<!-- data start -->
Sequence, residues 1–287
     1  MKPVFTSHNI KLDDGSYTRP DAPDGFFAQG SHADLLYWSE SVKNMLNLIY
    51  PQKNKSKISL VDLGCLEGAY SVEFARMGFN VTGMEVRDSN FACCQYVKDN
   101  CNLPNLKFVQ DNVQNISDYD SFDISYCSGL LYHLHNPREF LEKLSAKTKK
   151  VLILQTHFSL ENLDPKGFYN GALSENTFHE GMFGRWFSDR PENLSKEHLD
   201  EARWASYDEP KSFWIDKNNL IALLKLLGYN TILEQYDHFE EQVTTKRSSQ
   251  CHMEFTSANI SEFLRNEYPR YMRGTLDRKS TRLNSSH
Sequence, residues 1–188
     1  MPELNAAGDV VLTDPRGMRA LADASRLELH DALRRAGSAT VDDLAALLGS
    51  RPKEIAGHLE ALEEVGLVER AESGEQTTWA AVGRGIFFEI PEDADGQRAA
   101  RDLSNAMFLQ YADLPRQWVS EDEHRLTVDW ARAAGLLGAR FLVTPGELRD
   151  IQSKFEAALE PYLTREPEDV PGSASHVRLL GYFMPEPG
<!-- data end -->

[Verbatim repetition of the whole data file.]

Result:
Sequence, residues 1–287
     1  MKPVFTSHNI KLDDGSYTRP DAPDGFFAQG SHADLLYWSE SVKNMLNLIY
    51  PQKNKSKISL VDLGCLEGAY SVEFARMGFN VTGMEVRDSN FACCQYVKDN
   101  CNLPNLKFVQ DNVQNISDYD SFDISYCSGL LYHLHNPREF LEKLSAKTKK
   151  VLILQTHFSL ENLDPKGFYN GALSENTFHE GMFGRWFSDR PENLSKEHLD
   201  EARWASYDEP KSFWIDKNNL IALLKLLGYN TILEQYDHFE EQVTTKRSSQ
   251  CHMEFTSANI SEFLRNEYPR YMRGTLDRKS TRLNSSH
Sequence, residues 1–188
     1  MPELNAAGDV VLTDPRGMRA LADASRLELH DALRRAGSAT VDDLAALLGS
    51  RPKEIAGHLE ALEEVGLVER AESGEQTTWA AVGRGIFFEI PEDADGQRAA
   101  RDLSNAMFLQ YADLPRQWVS EDEHRLTVDW ARAAGLLGAR FLVTPGELRD
   151  IQSKFEAALE PYLTREPEDV PGSASHVRLL GYFMPEPG